The views expressed in our content reflect individual perspectives and do not represent the official views of the Baha'i Faith.
When we consider beings with the seeing eye, we observe that they are limited to three sorts—that is to say, as a whole they are either mineral, vegetable or animal, each of these three classes containing species. Man is the highest species because he is the possessor of the perfections of all the classes—that is, he has a body which grows and which feels. As well as having the perfections of the mineral, of the vegetable and of the animal, he also possesses an especial excellence which the other beings are without—that is, the intellectual perfections. Therefore, man is the most noble of beings.
Man is in the highest degree of materiality, and at the beginning of spirituality—that is to say, he is the end of imperfection and the beginning of perfection. He is at the last degree of darkness, and at the beginning of light; that is why it has been said that the condition of man is the end of the night and the beginning of day, meaning that he is the sum of all the degrees of imperfection, and that he possesses the degrees of perfection. He has the animal side as well as the angelic side, and the aim of an educator is to so train human souls that their angelic aspect may overcome their animal side. Then if the divine power in man, which is his essential perfection, overcomes the satanic power, which is absolute imperfection, he becomes the most excellent among the creatures; but if the satanic power overcomes the divine power, he becomes the lowest of the creatures. That is why he is the end of imperfection and the beginning of perfection. Not in any other of the species in the world of existence is there such a difference, contrast, contradiction and opposition as in the species of man. Thus the reflection of the Divine Light was in man, as in Christ, and see how loved and honored He is! At the same time we see man worshiping a stone, a clod of earth or a tree. How vile he is, in that his object of worship should be the lowest existence—that is, a stone or clay, without spirit; a mountain, a forest or a tree. What shame is greater for man than to worship the lowest existences? In the same way, knowledge is a quality of man, and so is ignorance; truthfulness is a quality of man; so is falsehood; trustworthiness and treachery, justice and injustice, are qualities of man, and so forth. Briefly, all the perfections and virtues, and all the vices, are qualities of man.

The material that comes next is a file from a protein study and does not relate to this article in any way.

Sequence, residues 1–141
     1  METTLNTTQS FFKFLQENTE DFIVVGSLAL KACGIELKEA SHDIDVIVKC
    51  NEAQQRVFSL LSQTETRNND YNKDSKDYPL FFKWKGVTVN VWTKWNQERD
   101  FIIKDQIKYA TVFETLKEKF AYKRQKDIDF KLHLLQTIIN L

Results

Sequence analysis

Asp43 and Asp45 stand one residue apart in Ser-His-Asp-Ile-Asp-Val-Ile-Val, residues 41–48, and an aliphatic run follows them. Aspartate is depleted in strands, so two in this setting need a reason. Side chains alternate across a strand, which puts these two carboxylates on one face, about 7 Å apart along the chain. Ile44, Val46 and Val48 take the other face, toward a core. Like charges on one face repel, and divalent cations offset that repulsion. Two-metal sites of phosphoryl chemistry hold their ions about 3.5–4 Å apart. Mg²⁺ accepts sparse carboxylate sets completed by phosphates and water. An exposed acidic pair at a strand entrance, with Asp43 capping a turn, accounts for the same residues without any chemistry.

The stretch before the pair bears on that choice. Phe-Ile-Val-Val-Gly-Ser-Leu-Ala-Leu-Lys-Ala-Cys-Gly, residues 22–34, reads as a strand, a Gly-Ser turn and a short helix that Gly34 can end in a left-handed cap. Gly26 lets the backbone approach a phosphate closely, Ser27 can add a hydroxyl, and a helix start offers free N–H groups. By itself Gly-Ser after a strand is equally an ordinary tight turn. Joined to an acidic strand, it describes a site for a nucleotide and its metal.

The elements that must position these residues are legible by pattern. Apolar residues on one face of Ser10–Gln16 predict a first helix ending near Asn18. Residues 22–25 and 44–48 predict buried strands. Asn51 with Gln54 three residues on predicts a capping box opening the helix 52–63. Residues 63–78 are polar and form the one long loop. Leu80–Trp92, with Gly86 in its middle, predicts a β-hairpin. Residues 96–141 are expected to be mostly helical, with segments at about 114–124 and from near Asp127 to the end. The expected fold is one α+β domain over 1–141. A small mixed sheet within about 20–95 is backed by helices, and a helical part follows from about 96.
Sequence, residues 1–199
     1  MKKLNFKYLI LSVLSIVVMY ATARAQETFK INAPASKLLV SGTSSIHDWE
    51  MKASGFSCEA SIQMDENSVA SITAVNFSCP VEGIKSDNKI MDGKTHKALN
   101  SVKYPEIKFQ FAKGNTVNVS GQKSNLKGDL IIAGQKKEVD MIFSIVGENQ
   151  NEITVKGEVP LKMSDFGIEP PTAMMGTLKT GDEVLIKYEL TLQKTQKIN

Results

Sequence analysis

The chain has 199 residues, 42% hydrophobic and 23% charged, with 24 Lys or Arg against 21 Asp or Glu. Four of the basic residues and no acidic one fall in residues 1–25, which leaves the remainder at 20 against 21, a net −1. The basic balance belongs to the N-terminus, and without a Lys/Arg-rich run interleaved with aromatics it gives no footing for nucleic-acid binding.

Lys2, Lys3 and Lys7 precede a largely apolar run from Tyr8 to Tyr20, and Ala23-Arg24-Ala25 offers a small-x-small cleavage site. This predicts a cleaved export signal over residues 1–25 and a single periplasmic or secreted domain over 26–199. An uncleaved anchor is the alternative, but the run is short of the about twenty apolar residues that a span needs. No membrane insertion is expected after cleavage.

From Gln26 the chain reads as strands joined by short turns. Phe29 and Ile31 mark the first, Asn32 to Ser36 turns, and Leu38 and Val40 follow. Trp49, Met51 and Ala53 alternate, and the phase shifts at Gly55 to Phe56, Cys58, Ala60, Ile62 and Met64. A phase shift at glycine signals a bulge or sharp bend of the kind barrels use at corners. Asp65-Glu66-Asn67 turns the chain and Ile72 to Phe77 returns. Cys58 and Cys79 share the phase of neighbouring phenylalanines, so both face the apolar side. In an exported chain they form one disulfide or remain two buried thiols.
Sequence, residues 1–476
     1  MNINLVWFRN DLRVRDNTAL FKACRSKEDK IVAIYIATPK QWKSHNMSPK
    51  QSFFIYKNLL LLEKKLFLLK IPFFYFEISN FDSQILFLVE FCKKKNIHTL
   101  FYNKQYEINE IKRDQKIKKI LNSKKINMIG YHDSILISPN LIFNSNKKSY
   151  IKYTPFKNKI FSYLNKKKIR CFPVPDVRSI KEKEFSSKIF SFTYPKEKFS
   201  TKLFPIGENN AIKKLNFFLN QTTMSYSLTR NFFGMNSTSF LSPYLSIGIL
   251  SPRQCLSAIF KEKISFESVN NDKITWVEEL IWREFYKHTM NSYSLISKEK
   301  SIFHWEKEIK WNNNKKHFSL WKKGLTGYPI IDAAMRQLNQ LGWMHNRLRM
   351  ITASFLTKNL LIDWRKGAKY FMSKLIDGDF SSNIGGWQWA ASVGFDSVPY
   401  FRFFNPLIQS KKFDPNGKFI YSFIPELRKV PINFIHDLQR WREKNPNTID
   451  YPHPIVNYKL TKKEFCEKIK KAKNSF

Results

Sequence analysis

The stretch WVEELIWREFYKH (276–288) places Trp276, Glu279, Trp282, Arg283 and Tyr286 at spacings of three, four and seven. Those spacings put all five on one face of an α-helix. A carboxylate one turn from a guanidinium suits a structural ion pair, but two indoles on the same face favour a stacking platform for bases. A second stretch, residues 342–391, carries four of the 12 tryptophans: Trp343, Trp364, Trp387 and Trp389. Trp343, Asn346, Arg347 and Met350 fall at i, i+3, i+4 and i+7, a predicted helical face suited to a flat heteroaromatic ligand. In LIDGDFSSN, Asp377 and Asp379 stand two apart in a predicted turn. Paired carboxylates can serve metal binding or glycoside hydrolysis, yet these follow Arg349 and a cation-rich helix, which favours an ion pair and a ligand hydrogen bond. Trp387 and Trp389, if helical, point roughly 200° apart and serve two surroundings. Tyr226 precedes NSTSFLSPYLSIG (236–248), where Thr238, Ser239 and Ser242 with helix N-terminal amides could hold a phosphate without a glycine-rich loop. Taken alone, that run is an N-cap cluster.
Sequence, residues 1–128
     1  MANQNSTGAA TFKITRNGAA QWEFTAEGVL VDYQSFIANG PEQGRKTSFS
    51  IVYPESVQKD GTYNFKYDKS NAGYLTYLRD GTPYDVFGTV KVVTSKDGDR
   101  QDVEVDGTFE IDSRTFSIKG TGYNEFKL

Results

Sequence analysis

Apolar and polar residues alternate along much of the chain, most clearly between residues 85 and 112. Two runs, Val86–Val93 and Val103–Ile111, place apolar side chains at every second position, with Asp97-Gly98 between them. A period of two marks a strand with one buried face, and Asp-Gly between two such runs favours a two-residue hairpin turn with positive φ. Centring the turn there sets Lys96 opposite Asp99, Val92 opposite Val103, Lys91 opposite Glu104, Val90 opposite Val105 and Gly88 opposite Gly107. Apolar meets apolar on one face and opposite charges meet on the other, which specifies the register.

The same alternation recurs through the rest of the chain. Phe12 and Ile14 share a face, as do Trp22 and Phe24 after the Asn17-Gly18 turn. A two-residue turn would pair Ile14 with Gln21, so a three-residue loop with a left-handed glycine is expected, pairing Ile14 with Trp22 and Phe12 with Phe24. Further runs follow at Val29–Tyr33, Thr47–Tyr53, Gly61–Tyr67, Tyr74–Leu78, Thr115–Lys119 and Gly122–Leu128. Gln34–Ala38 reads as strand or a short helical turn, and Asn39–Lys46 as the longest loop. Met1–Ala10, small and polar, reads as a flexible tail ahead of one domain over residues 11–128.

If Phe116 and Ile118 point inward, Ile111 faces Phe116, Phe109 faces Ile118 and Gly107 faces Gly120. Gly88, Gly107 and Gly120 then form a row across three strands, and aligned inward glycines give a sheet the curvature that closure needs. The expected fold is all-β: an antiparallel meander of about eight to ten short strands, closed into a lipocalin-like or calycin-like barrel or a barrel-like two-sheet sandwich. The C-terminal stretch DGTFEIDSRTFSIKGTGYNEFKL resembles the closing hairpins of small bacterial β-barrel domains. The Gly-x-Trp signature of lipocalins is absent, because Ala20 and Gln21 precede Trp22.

Consider equally the differences between individual men. The Christ was in the form of man, and Caiaphas was in the form of man; Moses and Pharaoh, Abel and Cain, Baha’u’llah and Yaḥya, were men.
Man is said to be the greatest representative of God, and he is the Book of Creation because all the mysteries of beings exist in him. If he comes under the shadow of the True Educator and is rightly trained, he becomes the essence of essences, the light of lights, the spirit of spirits; he becomes the center of the divine appearances, the source of spiritual qualities, the rising-place of heavenly lights, and the receptacle of divine inspirations. If he is deprived of this education, he becomes the manifestation of satanic qualities, the sum of animal vices, and the source of all dark conditions.
The reason of the mission of the Prophets is to educate men, so that this piece of coal may become a diamond, and this fruitless tree may be engrafted and yield the sweetest, most delicious fruits. When man reaches the noblest state in the world of humanity, then he can make further progress in the conditions of perfection, but not in state; for such states are limited, but the divine perfections are endless.
Both before and after putting off this material form, there is progress in perfection but not in state. So beings are consummated in perfect man. There is no other being higher than a perfect man. But man when he has reached this state can still make progress in perfections but not in state because there is no state higher than that of a perfect man to which he can transfer himself. He only progresses in the state of humanity, for the human perfections are infinite. Thus, however learned a man may be, we can imagine one more learned.
Hence, as the perfections of humanity are endless, man can also make progress in perfections after leaving this world.
Abdu’l-Baha (Some Answered Questions, pp 235-237)